An analysis of two island groups as potential sites for trials of transgenic mosquitoes for malaria control
Article first published online: 22 FEB 2013
© 2013 The Authors. Evolutionary Applications published by Blackwell Publishing Ltd.
This is an open access article under the terms of the Creative Commons Attribution License, which permits use, distribution and reproduction in any medium, provided the original work is properly cited.
Volume 6, Issue 4, pages 706–720, June 2013
How to Cite
Marsden, C. D., Cornel, A., Lee, Y., Sanford, M. R., Norris, L. C., Goodell, P. B., Nieman, C. C., Han, S., Rodrigues, A., Denis, J., Ouledi, A. and Lanzaro, G. C. (2013), An analysis of two island groups as potential sites for trials of transgenic mosquitoes for malaria control. Evolutionary Applications, 6: 706–720. doi: 10.1111/eva.12056
- Issue published online: 21 MAY 2013
- Article first published online: 22 FEB 2013
- Manuscript Accepted: 13 JAN 2013
- Manuscript Received: 13 AUG 2012
- NIH. Grant Numbers: R21AI062929, T32AI074550
- Anopheles gambiae ;
- genetically modified mosquitoes;
- island population;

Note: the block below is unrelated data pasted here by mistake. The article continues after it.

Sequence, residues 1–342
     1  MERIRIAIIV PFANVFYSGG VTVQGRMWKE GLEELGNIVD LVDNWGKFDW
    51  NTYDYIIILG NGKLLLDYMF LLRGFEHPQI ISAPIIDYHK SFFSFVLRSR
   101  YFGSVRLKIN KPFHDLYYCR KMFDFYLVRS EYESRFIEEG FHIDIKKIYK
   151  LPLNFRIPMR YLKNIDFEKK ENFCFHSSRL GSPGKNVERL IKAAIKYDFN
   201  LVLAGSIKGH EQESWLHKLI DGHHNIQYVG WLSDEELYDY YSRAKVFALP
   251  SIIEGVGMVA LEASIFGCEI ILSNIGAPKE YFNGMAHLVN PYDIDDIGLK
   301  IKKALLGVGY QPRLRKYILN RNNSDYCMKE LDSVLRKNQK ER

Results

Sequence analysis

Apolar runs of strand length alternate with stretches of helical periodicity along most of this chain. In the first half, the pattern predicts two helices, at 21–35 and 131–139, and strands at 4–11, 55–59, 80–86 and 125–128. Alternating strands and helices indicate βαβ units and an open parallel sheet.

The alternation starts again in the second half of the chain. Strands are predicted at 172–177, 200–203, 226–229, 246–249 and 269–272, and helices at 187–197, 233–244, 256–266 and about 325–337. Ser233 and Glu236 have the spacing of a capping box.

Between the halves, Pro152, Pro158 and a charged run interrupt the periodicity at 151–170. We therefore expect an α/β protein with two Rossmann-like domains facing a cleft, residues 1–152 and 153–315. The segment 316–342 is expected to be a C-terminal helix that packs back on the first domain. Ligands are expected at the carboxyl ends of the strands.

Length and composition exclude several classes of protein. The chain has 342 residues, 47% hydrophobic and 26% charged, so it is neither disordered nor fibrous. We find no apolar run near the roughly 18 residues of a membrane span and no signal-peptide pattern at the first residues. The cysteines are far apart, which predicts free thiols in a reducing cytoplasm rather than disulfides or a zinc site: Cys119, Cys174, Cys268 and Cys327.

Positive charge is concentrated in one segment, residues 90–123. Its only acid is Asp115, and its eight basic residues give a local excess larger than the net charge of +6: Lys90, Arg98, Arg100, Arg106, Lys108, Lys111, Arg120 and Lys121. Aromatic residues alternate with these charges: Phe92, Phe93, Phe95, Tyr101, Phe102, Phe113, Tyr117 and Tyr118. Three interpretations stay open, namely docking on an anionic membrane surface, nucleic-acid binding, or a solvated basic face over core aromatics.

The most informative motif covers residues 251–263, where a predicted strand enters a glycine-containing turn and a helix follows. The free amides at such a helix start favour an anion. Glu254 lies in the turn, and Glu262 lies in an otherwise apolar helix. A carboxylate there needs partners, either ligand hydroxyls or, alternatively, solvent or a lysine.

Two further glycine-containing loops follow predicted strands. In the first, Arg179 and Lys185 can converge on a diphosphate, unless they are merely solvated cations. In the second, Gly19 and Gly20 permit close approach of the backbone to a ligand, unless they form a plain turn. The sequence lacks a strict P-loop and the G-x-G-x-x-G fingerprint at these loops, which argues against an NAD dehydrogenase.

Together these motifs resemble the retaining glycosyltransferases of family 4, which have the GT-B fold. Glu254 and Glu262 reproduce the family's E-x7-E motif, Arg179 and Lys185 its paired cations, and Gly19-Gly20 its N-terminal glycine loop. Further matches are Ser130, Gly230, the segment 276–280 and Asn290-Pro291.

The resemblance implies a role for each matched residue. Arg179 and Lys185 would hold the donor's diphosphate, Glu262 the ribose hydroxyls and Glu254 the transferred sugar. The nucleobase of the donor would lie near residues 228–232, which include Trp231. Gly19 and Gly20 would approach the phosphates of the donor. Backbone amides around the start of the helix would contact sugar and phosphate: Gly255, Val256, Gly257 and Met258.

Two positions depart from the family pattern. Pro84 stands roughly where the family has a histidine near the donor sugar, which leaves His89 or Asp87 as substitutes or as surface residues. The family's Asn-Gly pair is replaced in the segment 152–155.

Considerable technological advances have been made towards the generation of genetically modified mosquitoes for vector control. In contrast, less progress has been made towards field evaluations of transformed mosquitoes which are critical for evaluating the success of, and hazards associated with, genetic modification. Oceanic islands have been highlighted as potentially the best locations for such trials. However, population genetic studies are necessary to verify isolation. Here, we used a panel of genetic markers to assess for evidence of genetic isolation of two oceanic island populations of the African malaria vector, Anopheles gambiae s.s. We found no evidence of isolation between the Bijagós archipelago and mainland Guinea-Bissau, despite separation by distances beyond the known dispersal capabilities of this taxon. Conversely, the Comoros Islands appear to be genetically isolated from the East African mainland, and thus represent a location worthy of further investigation for field trials. Based on assessments of gene flow within and between the Comoros islands, the island of Grande Comore was found to be genetically isolated from adjacent islands and also exhibited local population structure, indicating that it may be the most suitable site for trials with existing genetic modification technologies.